If this is the right man then he must have arrived in Nottingham sometime in 1856. I’m reasonably confident that it is him; there are other Thomas Mays living in Nottingham in both the 1851 and 1861 census but none of their occupations fit and my Thomas was working in a warehouse in 1861. He may have been trying to set himself back up in business in his new city.
In 1862, his wife Sophia died aged 42 of a malignant disease of the womb and was buried at St Stephens in Sneinton.
Thomas was an executor of his Uncle Richard May’s will in 1869, he swore an oath in Leicestershire and was described as a hosier living in Belgrave.
In the 1871 census 52 year old Thomas was recorded as a visitor at the Pump Tavern in Aston, Birmingham. His older sister Elizabeth & her husband John Evans were the keepers of the pub.
Thomas’s son, William, had married Emma Carr; they spent a few years in Nottingham and later moved back to Leicestershire. His daughters Alice, Mary Ann, Louisa and Julia remained in Nottingham and were living together in 1871 at High Pavement.
In September of 1871, Thomas married Sophia Staples, a widow, nee Sault, at St Pauls in Aston. John & Elizabeth Evans were the witnesses.
I have been unable to find much information about Thomas’s life after this time. In 1873 his daughter Alice married William Oldknow Oldham in Nottingham and gave her father’s occupation as publican.
Thomas died aged 55 on the 9th August 1874 at the home of his sister, Elizabeth in Belgrave, Leicestershire. Her husband John Evans was present at his death and was the informant. Thomas was buried at St Peters church, Belgrave.
The cause of death was hepatic dropsy; related to the liver and possibly cirrhosis.
I’ve been unable to find out why Thomas & Sophia left Hinckley in 1854/5. It seems quite a fall in status from an employer of 40 men in 1851 to a warehouse man in 1861. The May family did have money; they were landowners in Sutton Cheney, Leicestershire. Thomas’s father, William, had been described as gentry in one local directory, and he owned his own house in Hinckley. Thomas was the eldest surviving son so it would be usual for him to have inherited the majority of his parent’s estate.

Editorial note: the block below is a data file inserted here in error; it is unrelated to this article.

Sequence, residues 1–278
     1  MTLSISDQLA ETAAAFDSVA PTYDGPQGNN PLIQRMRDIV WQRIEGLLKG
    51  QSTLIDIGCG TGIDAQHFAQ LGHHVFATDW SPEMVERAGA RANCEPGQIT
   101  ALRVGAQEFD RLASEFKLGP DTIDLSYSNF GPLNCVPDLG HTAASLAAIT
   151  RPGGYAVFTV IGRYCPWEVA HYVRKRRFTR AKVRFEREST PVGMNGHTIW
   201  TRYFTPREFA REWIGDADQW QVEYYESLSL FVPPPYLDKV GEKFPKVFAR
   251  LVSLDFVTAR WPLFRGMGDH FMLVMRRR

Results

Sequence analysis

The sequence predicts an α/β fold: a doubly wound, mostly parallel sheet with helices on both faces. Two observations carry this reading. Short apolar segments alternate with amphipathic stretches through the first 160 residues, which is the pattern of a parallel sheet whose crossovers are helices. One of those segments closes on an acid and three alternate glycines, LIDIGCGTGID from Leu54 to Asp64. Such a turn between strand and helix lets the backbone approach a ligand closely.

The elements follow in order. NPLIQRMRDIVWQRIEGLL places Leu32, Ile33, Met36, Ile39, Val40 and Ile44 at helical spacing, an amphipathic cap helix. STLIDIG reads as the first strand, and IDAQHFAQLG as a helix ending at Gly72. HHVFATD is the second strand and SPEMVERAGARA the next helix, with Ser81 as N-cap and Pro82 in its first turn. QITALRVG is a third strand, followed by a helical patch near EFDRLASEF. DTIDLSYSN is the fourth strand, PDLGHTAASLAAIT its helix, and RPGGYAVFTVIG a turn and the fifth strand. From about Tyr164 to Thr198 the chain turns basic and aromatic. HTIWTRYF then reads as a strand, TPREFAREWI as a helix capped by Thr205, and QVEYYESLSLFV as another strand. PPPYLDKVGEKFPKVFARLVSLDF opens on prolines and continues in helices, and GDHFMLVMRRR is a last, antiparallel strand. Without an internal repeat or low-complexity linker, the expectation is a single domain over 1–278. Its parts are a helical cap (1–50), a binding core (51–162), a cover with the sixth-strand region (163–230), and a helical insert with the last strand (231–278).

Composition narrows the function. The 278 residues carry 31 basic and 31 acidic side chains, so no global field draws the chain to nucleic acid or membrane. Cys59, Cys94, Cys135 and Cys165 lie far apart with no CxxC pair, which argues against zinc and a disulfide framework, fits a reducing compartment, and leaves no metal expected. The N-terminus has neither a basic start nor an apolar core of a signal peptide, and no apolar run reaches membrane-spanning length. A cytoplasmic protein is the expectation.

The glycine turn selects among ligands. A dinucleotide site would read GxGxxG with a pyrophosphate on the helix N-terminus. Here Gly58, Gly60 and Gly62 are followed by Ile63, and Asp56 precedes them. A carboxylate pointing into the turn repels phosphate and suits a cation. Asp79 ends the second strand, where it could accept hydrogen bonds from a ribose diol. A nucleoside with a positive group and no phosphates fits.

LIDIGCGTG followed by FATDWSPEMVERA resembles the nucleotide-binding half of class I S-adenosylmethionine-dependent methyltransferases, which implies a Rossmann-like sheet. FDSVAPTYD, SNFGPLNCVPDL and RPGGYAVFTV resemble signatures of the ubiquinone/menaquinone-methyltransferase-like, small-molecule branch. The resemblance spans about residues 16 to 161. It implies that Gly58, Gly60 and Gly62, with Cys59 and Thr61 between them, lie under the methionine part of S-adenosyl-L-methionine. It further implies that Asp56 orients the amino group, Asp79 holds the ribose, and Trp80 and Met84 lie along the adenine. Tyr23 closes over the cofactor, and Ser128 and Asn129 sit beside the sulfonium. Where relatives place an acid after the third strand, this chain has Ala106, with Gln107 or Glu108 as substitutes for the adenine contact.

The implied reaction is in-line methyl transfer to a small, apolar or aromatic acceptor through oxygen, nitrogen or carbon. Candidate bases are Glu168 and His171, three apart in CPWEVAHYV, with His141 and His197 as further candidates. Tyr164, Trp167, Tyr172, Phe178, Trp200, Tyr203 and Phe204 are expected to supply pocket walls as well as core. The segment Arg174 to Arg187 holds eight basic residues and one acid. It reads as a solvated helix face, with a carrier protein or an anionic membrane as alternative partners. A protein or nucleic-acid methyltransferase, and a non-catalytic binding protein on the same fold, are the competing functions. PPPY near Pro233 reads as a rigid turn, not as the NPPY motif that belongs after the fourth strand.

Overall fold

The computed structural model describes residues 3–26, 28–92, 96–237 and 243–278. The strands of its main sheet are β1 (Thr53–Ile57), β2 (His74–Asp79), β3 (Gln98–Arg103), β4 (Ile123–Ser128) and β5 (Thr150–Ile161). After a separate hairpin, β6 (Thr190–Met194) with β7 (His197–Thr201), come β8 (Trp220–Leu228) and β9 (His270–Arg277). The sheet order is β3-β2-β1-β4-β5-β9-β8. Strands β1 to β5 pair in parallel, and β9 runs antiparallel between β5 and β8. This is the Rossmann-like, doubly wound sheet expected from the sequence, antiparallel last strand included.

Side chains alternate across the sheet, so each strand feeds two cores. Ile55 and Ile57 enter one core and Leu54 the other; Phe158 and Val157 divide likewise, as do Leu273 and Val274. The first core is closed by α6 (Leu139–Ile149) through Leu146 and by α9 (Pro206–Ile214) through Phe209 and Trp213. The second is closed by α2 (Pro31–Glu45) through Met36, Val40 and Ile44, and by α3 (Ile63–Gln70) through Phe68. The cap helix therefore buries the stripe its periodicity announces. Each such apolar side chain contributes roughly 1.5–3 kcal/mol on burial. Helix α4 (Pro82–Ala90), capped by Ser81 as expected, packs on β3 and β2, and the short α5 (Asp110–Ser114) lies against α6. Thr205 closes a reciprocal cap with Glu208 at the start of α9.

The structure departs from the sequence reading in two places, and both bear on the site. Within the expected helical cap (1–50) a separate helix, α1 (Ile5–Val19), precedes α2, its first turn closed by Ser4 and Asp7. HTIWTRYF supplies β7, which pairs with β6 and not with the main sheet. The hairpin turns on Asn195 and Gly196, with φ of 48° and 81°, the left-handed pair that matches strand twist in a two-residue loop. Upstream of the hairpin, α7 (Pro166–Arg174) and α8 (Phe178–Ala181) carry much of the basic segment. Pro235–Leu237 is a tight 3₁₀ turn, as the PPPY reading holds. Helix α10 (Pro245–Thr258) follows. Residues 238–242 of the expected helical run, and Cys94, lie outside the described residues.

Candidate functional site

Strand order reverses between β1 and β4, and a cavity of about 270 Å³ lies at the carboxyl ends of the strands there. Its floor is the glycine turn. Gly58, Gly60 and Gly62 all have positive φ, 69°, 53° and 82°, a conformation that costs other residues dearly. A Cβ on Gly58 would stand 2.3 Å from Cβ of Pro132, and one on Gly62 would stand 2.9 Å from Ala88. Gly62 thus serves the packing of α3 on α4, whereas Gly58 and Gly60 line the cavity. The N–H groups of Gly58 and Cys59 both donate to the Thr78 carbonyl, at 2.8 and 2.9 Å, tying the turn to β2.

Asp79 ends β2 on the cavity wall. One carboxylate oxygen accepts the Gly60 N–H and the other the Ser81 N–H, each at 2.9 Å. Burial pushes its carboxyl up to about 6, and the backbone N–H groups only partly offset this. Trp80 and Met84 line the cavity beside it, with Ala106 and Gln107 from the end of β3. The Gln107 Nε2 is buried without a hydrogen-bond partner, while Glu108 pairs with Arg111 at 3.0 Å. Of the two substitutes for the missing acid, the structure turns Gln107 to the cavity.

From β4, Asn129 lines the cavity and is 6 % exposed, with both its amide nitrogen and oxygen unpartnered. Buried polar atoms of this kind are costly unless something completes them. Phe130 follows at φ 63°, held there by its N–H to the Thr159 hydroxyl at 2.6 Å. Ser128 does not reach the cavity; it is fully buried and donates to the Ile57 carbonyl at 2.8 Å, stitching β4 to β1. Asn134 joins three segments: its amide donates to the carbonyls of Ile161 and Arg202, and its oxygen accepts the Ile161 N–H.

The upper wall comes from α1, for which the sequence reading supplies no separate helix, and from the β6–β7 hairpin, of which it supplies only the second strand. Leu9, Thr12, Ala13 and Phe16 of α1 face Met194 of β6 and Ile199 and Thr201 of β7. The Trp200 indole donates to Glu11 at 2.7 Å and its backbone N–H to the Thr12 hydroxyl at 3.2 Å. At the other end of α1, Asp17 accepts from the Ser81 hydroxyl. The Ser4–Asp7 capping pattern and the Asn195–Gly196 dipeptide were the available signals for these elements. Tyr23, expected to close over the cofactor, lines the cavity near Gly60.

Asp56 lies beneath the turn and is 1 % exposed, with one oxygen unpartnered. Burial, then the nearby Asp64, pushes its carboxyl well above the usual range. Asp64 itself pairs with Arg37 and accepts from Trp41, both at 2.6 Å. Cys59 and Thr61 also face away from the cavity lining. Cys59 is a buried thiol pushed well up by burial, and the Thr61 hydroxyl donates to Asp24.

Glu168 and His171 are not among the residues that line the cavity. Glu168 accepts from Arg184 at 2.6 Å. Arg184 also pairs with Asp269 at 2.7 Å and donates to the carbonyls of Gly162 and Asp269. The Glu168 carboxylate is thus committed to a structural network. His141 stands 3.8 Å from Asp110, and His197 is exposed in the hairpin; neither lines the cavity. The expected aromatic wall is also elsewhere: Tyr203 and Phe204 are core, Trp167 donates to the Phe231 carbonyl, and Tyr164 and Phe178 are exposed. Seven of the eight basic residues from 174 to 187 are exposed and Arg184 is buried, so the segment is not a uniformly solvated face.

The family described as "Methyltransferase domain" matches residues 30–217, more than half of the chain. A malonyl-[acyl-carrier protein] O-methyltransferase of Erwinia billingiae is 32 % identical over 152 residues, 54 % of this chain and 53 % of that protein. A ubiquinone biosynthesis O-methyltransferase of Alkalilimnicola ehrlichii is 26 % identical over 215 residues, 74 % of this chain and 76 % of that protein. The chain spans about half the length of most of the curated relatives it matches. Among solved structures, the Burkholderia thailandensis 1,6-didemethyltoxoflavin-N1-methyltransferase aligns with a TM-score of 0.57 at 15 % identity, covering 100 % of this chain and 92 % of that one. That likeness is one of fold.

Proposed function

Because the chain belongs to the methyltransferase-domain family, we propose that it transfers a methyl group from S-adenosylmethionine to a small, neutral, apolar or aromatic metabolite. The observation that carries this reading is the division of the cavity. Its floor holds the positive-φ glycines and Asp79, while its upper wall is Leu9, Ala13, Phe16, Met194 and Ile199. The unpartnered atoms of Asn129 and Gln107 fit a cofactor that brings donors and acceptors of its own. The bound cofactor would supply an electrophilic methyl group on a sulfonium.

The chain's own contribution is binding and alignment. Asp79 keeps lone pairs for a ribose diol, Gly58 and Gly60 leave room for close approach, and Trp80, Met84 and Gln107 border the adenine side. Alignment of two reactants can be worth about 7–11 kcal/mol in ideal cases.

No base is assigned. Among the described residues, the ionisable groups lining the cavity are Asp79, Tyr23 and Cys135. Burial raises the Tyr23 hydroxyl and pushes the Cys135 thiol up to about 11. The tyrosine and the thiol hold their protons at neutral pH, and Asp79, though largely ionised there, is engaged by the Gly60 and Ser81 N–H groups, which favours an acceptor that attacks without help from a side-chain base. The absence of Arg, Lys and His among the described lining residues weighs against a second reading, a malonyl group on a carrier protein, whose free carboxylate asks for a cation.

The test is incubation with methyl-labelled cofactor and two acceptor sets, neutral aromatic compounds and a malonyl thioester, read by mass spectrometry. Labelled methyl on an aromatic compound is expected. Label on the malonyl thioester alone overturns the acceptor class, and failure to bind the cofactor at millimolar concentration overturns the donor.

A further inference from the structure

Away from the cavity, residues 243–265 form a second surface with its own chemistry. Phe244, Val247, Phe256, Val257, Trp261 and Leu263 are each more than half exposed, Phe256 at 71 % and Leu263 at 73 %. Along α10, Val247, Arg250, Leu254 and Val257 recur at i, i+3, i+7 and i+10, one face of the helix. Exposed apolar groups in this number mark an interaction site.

I suspect that alcohol may have been part of it exacerbated by his run of bad luck beginning with the death of his infant son in 1854, his loss in status, loss of money in Nottingham and then the death of his wife. His lifelong proximity to alcohol is obvious and the cause of his death most likely alcohol related.
Stockwell Head; http://www.hinckleytimes.net/news/local-news/appeal-photos-peoples-album-9200190
Richard May death; The Leicester Chronicle. 16 December 1854
The Grapes; Leicester Journal 14 March 1856
May vs Slingsby; Nottingham Daily Guardian, Nottingham October 1858
Sophia Lapworth death; Nottingham Daily Guardian, Nottingham, 24 January 1862
High Pavement Nottingham; my photo
St Pauls Aston; https://familysearch.org/wiki/en/File:Aston_St_Peter_%26_St_Paul_Birmingham.jpg
Thomas May death; Leicester Chronicle and the Leicestershire Mercury August 22, 1874
© Caroline Cox and Caroline’s Chronicles. 2011 – current year